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“I can be more loving by forgiving the terrorist who killed my husband and daughter”

By Vishnu Makhijani

Understanding true forgiveness is a personal process that takes place within the heart, a process that takes time to assimilate.

“Numb with shock and disbelief”, the words that floated through the thoughts of Kia Scherr, whose husband and 13-year-old daughter were victims of the 26/11 Mumbai terror attack, as she watched the carnage unfold on her TV screen in Florida, were “Forgive them; they know not what they do” – though it took many years to truly experience “that forgiveness is the light that gets in through the cracks, seeping in through the pieces of my shattered heart”.

Forgiveness “does not mean pardon, nor does it mean condoning a despicable action, or not holding a person accountable for cold-blooded murder…you are not forgiving a hateful act, you are forgiving that person for forgetting their own goodness and for being incapable of loving”, Scherr writes in “Forgiveness Is a Choice – Teachings About Peace and Love” (Penguin).

In 2009, she founded the One Life Alliance in 2009 in memory of her husband Alan and daughter Naomi and spent over a thousand days in Mumbai over a six year period, propagating its message of compassion, forgiveness and respect for life among communities, schools, businesses – and an enthusiastic police force.

“Forgiveness is a personal choice to accept what cannot be changed, however hurtful. Forgiveness has nothing to do with the terrorist (in this case Ajmal Kasab, the lone survivor of the Mumbai attack whose visuals Scherr saw on TV). I have no personal relationship with that terrorist, other than we are both human beings. Do I want to hold on to anger, resentment, feelings of revenge and retaliation,” the author asks.

“Forgiveness allows me to keep my heart open so that I can continue to love the life I’m now living. This is how I choose to honour the memory of Alan and Naomi. I have chosen to create a living memorial that brings the possibility of peace, compassion and love to this world. This is what gives me purpose and allows me to keep living, to keep loving, and to open myself to a greater vision for humanity that could create an environment for positive change,” Scherr writes.

This would mean a society where life is valued above all else, she adds.

“This would mean a major transformation of priorities for most of the world. This is another kind of ‘climate change’. We could create a climate of mutual love and respect, which forms the foundation of another way to evaluate our conflicts and resolve our differences. It would mean collaborating in new ways and communicating truthfully with an intention to work things out with integrity” Scherr writes.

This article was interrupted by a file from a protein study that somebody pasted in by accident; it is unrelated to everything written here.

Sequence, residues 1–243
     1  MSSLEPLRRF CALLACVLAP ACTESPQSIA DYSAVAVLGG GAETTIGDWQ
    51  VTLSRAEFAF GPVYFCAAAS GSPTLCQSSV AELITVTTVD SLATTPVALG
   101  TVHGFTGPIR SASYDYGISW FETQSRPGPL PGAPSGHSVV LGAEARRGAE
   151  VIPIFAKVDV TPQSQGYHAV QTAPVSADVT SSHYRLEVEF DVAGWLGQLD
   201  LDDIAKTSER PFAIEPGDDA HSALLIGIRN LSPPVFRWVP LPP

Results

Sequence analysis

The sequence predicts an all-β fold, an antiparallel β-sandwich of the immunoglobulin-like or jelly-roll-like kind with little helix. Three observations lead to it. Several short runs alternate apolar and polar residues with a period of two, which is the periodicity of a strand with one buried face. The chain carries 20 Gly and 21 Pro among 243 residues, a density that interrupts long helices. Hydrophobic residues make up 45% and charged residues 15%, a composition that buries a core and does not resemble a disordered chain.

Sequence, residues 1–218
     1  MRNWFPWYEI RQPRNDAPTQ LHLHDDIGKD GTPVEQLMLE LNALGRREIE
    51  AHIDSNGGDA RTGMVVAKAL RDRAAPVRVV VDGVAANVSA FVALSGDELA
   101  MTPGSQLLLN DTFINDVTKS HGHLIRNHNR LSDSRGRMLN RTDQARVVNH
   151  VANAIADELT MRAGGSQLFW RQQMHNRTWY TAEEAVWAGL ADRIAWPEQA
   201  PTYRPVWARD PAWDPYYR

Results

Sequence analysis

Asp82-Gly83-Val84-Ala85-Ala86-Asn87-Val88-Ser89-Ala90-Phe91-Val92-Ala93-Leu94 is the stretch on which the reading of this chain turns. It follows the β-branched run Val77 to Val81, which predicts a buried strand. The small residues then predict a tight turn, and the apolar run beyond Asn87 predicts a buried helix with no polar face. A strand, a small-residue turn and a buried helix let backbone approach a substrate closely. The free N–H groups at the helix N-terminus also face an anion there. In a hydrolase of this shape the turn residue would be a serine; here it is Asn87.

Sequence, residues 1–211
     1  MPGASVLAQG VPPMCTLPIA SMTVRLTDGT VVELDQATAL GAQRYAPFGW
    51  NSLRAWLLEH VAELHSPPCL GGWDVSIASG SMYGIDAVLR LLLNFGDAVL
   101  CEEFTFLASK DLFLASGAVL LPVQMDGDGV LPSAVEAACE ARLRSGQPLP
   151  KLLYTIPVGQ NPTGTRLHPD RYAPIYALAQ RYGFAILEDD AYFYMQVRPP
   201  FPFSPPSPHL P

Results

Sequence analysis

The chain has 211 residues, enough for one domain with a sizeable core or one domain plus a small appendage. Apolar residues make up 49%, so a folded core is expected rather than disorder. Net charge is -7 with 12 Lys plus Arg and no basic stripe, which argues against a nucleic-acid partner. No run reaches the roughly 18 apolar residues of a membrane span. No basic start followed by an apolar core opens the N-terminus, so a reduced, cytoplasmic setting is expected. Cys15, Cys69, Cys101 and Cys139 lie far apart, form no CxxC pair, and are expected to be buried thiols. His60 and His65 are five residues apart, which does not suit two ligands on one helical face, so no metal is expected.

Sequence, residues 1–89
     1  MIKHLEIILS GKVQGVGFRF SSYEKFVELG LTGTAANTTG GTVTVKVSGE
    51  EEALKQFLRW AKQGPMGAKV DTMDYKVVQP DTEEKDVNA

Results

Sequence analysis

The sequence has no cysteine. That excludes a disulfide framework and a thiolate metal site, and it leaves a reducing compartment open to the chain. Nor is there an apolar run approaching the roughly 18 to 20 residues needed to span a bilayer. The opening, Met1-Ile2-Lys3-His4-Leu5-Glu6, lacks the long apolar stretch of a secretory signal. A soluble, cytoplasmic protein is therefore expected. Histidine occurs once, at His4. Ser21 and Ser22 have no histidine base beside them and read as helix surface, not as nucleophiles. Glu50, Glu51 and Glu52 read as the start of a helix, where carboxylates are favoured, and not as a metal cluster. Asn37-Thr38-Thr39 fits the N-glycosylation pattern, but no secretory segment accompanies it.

Admitting that this “sounds utopian” she firmly believes that “we can move in this direction to honour the sacredness of life we share, to live it, breathe it and celebrate it”.

“We can each be more loving in a thousand different ways. If I can be more loving by forgiving the terrorist who killed mu husband and my daughter. I can start living again. Now I can renew my life, a life that does not include Alan and Naomi. But it does include the love for them that will never die. Why else are we here if not to love? Without love, what’s the point? When Alan and Naomi were killed, love remained. When my mother died of lung cancer, love remained. A part of me died with each of their deaths, but love remained. Love is the core ingredient of this human life. Love is our greatest natural resource. There is no end to love unless we close the door to our hearts,” Scherr firmly maintains.

To this extent, the book outlines 30 practices that the author used to renew her life “after a major loss that turned everything upside down”.

“Forgiveness was the key that kept my heart open to love, but we don’t begin with forgiveness. We want to lead up to forgiveness after we have reached some understanding and acceptance of what has happened. The ultimate outcome is increasing your experience of love, so it’s worth taking this step day by day,” Scherr writes, adding that to gain the full benefit of these simple practices, it is best to focus on one practice at a time, day by day or even longer even though the book can be read at one stretch.

She terms this “30-day peace pledge book” a “tool to remind ourselves to honour the dignity of life in each and every moment. Not only is it helpful for one to read it individually, it is helpful to take the pledge with others in our lives and with our communities. When we start with this pledge, we begin to transform how we see ourselves and others. Used in classrooms, it can be an effective various curricula and disciplines to reduce and eliminate bullying, build student self-esteem and develop their focus in their work and at home”.

In all this, it would seem an irony that Alan and Naomi were winding down a fortnight-long pilgrimage to India with a group of 25 members of the Synchronicity Foundation, a spiritual community in Central Virginia’s Blue Ridge Mountains that the family had been a part of for 11 years. The father and daughter were dining at the Oberoi when the terrorists struck.

“I knew that Alan and Naomi would not have wanted me to spend the rest of my life feeling sad, but I had to allow the sadness to envelope me before I could say enough is enough. The sadness was my personal winter and India provided the sunshine that brought some joy back into my life,” Scherr writes.

“As you go forth into your life each day, may you remember that love is ready to flow in abundance. We each hold this treasure. When we share our love, it increases and only then we know the highest value of life,” Scherr concludes.

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